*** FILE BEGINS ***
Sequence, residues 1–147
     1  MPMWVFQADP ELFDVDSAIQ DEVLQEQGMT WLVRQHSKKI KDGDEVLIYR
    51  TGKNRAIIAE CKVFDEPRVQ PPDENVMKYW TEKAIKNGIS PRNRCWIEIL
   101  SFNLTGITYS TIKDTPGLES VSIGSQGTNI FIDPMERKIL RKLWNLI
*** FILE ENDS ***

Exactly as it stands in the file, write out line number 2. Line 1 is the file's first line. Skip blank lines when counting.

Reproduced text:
     1  MPMWVFQADP ELFDVDSAIQ DEVLQEQGMT WLVRQHSKKI KDGDEVLIYR